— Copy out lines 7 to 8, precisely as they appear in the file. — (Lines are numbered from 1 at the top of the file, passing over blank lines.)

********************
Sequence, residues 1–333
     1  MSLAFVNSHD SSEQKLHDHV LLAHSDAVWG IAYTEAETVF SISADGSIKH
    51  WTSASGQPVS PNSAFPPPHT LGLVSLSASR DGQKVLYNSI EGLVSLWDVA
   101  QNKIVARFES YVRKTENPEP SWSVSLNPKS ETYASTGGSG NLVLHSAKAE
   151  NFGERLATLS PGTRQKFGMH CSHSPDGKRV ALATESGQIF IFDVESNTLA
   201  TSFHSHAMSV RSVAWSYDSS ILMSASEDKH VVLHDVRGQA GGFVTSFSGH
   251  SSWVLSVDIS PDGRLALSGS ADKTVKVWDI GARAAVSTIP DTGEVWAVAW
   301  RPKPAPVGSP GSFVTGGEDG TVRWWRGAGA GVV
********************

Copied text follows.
   251  SSWVLSVDIS PDGRLALSGS ADKTVKVWDI GARAAVSTIP DTGEVWAVAW
   301  RPKPAPVGSP GSFVTGGEDG TVRWWRGAGA GVV